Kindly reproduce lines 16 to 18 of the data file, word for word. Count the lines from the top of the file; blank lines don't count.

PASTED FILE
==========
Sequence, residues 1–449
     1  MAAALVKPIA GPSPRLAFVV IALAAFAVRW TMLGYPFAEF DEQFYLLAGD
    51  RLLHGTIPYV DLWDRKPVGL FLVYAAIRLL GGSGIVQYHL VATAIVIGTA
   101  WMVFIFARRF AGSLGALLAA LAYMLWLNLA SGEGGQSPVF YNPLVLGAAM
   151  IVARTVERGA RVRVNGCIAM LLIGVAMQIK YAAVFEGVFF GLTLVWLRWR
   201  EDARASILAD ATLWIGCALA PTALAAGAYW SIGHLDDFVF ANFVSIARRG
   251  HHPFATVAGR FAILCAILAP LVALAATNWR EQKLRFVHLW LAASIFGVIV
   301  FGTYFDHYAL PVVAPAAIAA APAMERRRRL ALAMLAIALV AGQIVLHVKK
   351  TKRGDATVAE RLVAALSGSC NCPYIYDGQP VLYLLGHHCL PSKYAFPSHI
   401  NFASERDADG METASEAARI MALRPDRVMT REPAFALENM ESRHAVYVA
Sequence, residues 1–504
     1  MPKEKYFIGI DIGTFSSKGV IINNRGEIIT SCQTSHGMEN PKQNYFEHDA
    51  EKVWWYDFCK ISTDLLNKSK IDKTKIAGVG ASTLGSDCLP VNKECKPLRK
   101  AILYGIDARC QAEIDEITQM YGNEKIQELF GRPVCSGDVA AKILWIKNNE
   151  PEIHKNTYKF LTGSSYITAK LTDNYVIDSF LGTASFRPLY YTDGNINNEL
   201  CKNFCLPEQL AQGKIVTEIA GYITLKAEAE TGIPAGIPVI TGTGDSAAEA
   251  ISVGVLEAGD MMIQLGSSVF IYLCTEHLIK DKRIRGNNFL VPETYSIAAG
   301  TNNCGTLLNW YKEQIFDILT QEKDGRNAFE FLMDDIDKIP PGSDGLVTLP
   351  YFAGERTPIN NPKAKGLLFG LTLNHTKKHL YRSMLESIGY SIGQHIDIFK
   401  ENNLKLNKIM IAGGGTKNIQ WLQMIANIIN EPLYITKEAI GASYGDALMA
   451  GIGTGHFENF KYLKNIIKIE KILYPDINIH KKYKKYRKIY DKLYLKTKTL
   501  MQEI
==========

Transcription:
   201  CKNFCLPEQL AQGKIVTEIA GYITLKAEAE TGIPAGIPVI TGTGDSAAEA
   251  ISVGVLEAGD MMIQLGSSVF IYLCTEHLIK DKRIRGNNFL VPETYSIAAG
   301  TNNCGTLLNW YKEQIFDILT QEKDGRNAFE FLMDDIDKIP PGSDGLVTLP